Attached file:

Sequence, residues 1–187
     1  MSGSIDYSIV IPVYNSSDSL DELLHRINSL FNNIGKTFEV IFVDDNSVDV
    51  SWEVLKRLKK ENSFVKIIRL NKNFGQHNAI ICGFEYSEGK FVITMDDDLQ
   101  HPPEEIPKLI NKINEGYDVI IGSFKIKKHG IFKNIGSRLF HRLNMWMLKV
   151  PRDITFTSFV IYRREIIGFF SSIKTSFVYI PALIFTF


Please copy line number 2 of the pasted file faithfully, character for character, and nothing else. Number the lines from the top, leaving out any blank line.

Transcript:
     1  MSGSIDYSIV IPVYNSSDSL DELLHRINSL FNNIGKTFEV IFVDDNSVDV